Moving clocks run slow. If I move steadily past you, you will find that my wristwatch is ticking slower than yours. Our biological clocks are also ticking, and you will also find that I am ageing less rapidly than you.
Moving rods contract. If an observer on a platform measures the length of a passing railway carriage, he or she will measure a shorter length than that measured by a passenger who is sitting inside the carriage.
Simultaneity is relative. Suppose you find two bells in different church towers striking at exactly the same time (i.e. simultaneously). If I move steadily past you, I will find that they strike at different times (i.e. not simultaneously). It is even possible for you to find that some event A happens before some other event B and for me to find that they occur in the opposite order.
The speed of light in a vacuum is a fundamental speed limit. It is impossible to accelerate any material object up to this speed.
If these consequences seem absurd, please suspend your disbelief. It took the genius of Einstein to realise that there was nothing illogical or contradictory in these statements, but that they describe the world as it is. Admittedly we don't notice these effects in everyday life but that is because we move slowly: relativistic effects only become significant at speeds comparable with the speed of light (2.998 × 108 metres per second). But not everything moves slowly. The electrons in the tube of a TV set are one example, found in most homes, where relativistic effects are significant.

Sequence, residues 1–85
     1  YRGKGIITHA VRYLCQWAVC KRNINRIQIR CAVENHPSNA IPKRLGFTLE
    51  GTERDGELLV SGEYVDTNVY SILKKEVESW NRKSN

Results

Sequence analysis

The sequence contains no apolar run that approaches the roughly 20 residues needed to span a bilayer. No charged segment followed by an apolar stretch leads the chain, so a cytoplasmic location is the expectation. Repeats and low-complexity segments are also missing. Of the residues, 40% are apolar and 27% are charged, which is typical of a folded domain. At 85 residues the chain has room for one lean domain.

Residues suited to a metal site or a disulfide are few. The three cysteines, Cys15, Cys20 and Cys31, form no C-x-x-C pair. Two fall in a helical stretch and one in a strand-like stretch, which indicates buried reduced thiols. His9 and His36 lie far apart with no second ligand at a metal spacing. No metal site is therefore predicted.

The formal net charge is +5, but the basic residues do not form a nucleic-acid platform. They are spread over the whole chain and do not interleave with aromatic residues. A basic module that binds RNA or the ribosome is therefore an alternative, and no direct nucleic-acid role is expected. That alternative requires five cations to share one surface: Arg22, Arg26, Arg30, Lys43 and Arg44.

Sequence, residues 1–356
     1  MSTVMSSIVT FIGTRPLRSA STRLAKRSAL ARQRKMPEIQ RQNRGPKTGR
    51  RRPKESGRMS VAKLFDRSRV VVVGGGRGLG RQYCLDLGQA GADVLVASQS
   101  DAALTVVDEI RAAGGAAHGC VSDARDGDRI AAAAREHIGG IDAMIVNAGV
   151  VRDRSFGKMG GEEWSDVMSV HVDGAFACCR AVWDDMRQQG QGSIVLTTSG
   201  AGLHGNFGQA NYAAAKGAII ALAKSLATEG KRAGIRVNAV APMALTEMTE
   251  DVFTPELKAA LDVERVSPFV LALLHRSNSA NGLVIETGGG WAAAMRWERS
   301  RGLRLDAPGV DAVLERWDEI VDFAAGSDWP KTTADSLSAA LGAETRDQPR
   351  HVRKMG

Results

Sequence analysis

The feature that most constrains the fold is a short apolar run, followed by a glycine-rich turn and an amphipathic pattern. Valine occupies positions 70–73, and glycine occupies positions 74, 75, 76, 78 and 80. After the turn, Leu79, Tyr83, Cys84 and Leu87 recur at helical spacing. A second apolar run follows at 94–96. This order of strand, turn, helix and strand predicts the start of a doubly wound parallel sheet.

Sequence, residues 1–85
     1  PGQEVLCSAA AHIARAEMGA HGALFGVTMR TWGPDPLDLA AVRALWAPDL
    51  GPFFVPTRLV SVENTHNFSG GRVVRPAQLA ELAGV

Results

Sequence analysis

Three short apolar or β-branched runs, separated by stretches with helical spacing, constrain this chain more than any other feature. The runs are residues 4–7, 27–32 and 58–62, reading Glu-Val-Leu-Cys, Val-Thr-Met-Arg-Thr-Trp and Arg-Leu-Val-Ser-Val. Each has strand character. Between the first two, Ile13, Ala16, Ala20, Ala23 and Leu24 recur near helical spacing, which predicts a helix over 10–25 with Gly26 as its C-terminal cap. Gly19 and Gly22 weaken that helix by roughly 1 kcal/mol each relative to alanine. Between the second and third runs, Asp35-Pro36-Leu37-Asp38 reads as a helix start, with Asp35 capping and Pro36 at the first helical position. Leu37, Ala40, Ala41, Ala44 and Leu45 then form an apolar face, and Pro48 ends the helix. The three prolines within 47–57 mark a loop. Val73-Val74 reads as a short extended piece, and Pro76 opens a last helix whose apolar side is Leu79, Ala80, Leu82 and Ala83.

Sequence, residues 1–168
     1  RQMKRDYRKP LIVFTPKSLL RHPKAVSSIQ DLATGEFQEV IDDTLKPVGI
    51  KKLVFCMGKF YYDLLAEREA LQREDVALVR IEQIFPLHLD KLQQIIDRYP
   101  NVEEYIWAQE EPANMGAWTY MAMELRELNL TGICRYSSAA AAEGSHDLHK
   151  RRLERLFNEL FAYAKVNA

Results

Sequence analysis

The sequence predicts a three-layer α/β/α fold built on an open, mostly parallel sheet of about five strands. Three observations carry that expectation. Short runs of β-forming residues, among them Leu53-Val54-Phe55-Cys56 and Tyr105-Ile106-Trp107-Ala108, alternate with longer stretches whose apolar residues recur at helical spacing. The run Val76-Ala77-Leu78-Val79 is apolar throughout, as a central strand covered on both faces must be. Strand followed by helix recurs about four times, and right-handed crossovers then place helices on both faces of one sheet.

One of the first people to embrace Einstein's ideas was his former teacher, Hermann Minkowski (1864-1909). He realised that although different observers experience the same events, they will describe them differently because they disagree about the nature of space and the nature of time. On the other hand, space and time taken together form a more robust entity:
'Henceforth space by itself, and time by itself, are doomed to fade away into mere shadows, and only a kind of union of the two will preserve an independent reality.'
Hermann Minkowski, Space and Time in A. Einstein et al. (1952), The Principle of Relativity, New York, Dover Publications.
The union of space and time of which Minkowski spoke is now generally referred to as space-time. It represents a kind of melding together of space and time, and since space is three-dimensional, and time is one-dimensional, space-time is four-dimensional. Any particular observer, such as you or I, will divide space-time into space and time, but the way in which that division is made may differ from one observer to another and will crucially depend on the relative motion of the observers.
A very rough attempt at representing diagrammatically this change of attitude towards space and time is shown in Figure 25. Before Einstein introduced special relativity, the phrase 'the whole of space at a particular time' was thought to have exactly the same meaning for all observers. After Einstein's work it was felt that each observer would understand what the phrase meant, but that different observers would disagree about what constituted the whole of space at a particular time. All observers would agree on what constituted space-time, but the way in which it was sliced up into space and time would differ from one observer to another, depending on their relative motion. No observer had the true view; they were all equally valid even though they might be different.